James’s small team initially funded the business themselves, but later turned to venture capital. Four major rounds of capital raisings have been led in turn by NRMA, Full Circle, Afterpay-backed AP Ventures and Federation Asset Management. “Apart from the capital, we value the strategy that private capital brings,” James says. “A lot of these folk have seen it before. That’s invaluable. Being able to see around corners and what lies ahead. It’s the nous about how capital markets work. To me it’s about aligning the business strategy and the capital strategy, or the business plan and the capital plan.”

Sendle qualifies as a BCorp. That means it agrees to balance purpose and profit, such as considering the impact their decisions have on employees, customers, the community, suppliers and the environment to make business a force for good. James says Sendle was Australia’s first technology BCorp, achieving that status in 2014. “We are here to help small businesses thrive by levelling the playing field between big business and the little guys and offering more affordable shipping. It helps put meals on tables and send kids to school. We have also been 100 per cent carbon neutral from day one, and take responsibility for the externalities of the emissions we create by purchasing offsets like planting trees.

This is an important part of Federation’s involvement too. “They think in triple bottom line outcomes, involving all stakeholders rather than just a profit motive,” Neil says. “They are the only carbon neutral courier company in Australia. That was well aligned with our views on renewable energy and the social side of our real estate business.”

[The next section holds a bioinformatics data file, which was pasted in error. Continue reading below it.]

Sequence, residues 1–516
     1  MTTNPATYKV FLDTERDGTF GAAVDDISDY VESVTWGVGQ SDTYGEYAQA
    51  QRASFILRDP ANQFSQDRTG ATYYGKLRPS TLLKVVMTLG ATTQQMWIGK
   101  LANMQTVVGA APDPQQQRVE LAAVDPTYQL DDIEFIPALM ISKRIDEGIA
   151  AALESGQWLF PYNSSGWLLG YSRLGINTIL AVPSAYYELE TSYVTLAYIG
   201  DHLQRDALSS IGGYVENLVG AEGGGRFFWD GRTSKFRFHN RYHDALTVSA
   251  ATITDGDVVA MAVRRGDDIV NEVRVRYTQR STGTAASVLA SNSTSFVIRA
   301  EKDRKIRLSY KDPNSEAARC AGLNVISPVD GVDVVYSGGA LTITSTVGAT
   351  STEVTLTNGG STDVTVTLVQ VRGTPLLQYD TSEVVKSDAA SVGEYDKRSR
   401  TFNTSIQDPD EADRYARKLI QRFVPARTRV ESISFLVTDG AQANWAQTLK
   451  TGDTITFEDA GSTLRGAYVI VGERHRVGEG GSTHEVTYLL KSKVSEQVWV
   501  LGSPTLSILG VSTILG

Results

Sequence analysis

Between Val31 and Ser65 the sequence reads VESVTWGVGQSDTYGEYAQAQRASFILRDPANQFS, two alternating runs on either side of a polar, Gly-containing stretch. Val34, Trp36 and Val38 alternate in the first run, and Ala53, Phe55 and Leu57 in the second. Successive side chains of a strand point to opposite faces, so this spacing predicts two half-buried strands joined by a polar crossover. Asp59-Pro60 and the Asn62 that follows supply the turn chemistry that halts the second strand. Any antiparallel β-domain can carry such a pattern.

Neil says that when Federation signed on, it expected growth to continue at around 50 per cent period-on-period. “During COVID, it was doing 100 per cent. Federation’s money spurred Sendle’s growth even more, including its entry into North America. “That is obviously a massively larger addressable market. There are some differences, but we felt the business model would be applicable. We wanted our capital to be used making that market entry because that’s a real valuation point. In the latter half of 2019, an office was established in Seattle and Sendle sent its first parcel in November 2019. That business is really hitting its strides. We’re really pleased with the progress the team is making. It’s now a considerable contributor to overall revenue.

“It would be wrong to say that I am day-to-day operationally involved as an advisor. It is a step above that, which involves strategic operational direction. It’s not purely a governance role, to ensure that boxes have been ticked. It involves digging into the business, asking the right questions and testing our management team on their thesis so the decisions made by the board are the best we can possibly make.”

Neil talks to James once every fortnight or so, and attends monthly board meetings. Some issues involve business opportunities that he comes across that might fit with Sendle. “Could they partner with Sendle? Are they a logical courier to introduce into the delivery network? Do they have access to technology that would help?”

The C Series round aims to ensure that its Australian and international growth plans are realised. The funds will be used to continue growth in the US and develop in Canada. Expansion into the UK is also on the horizon. “When you have operations in Australia, the US, Canada and perhaps the UK, you improve the fly wheel for the business as a whole. You can minimise the international cost of shipping, as well as just within the individual countries.”

Published July, 2021